Just explain and entertain. Tell the story in a simple voice as you would explain it to a friend and release the emotions as you would naturally. The joy, humour, the sadness, regrets. By keeping their prose simple and believable writers usually find that their readers then believe them, and that is a very good thing. Finally, avoid localising anything apart from the environment (obviously), Mention Cape Town by all means but avoid apartheid, segregation, politics and forget all about local slang words apart from during the dialogue, conversations between people. Other than that it should be Standard English for everybody to understand!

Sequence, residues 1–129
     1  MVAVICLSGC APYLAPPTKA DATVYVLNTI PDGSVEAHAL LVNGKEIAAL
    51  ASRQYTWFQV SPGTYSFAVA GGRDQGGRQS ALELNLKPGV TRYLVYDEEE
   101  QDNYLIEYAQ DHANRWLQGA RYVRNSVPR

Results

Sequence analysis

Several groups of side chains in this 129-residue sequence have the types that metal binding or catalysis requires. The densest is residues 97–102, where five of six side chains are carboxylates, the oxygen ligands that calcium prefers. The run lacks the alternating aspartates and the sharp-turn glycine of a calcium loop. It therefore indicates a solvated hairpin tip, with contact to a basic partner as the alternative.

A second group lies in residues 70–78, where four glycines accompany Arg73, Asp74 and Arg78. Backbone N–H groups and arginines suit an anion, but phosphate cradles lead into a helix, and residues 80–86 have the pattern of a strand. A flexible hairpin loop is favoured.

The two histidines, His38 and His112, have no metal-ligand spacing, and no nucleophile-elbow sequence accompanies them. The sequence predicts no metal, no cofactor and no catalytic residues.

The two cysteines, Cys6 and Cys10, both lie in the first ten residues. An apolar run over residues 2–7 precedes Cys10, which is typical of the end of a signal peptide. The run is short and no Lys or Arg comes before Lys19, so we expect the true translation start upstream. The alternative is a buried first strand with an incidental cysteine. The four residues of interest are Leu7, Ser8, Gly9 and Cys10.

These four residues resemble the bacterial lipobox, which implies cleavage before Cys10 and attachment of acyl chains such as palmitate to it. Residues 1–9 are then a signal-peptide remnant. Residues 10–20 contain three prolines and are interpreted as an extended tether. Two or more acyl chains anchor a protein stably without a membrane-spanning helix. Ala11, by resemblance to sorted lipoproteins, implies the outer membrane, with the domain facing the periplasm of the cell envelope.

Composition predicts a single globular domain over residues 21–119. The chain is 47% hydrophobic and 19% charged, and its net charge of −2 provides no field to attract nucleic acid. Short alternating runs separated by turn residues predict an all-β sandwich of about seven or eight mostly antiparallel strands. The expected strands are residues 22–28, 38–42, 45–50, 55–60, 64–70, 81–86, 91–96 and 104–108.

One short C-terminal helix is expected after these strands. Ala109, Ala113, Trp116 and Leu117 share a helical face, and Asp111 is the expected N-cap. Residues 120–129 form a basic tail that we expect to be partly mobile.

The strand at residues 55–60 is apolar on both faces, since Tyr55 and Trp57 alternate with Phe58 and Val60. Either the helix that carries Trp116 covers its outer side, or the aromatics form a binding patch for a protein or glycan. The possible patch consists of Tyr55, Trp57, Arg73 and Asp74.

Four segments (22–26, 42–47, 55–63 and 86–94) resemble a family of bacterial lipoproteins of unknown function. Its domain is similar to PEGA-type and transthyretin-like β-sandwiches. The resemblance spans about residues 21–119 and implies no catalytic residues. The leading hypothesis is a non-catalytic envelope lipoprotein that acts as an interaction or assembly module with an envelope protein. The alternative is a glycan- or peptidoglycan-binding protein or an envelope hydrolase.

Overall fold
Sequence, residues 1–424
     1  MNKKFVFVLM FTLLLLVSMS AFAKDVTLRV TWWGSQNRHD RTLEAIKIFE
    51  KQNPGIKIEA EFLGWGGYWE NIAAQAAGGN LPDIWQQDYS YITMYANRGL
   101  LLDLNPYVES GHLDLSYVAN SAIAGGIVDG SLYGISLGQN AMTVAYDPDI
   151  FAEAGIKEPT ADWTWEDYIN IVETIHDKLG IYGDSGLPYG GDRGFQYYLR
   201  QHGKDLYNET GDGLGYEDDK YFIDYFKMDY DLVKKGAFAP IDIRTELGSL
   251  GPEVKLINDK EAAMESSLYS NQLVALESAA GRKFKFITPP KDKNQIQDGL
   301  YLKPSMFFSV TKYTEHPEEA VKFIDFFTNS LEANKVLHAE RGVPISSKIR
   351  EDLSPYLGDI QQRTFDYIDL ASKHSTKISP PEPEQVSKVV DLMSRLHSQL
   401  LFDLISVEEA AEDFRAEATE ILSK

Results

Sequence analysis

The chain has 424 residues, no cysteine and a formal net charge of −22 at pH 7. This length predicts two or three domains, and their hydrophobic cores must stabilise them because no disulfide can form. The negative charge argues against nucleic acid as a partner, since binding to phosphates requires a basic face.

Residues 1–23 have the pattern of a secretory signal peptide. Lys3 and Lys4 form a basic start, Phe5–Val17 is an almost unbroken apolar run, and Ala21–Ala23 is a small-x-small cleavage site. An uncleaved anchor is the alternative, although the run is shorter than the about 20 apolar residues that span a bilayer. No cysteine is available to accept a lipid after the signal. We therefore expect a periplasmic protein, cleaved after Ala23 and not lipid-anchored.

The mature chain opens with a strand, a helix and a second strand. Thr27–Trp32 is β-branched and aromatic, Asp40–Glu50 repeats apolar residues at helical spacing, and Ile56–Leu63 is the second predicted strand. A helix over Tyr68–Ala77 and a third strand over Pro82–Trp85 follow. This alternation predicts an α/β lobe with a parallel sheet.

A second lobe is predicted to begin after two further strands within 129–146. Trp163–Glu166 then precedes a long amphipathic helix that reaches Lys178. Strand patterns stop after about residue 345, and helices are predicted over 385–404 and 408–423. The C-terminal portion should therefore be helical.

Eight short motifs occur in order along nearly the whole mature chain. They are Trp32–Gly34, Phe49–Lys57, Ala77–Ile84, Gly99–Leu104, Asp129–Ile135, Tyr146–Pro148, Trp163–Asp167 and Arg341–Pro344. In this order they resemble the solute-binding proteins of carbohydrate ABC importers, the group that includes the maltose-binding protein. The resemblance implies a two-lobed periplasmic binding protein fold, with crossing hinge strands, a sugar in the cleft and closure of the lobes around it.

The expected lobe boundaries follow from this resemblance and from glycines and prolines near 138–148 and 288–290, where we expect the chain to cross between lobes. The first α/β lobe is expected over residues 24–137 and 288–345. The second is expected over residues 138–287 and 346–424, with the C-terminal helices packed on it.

Writer’s Block

Is something I don’t believe in. Poor tortured souls staring painfully at their page waiting for inspiration? Just start writing anything down. I see this as connecting the brain to the fingers. Although a good way of getting started each day is by leaving the final sentence of yesterday’s word count unfinished. That means that when a writer starts work on a new session they are already in the middle of something. Self editing the previous session also helps a writer to get started again. But just get started, because they don’t write themselves. Somebody, in this case you, has to write it, whatever it is. In the worst case scenario researching a subject will help get a scene or passage going again, or perhaps write an email to an imaginary friend explaining what you were doing with your story yesterday and then, obviously, don’t send it.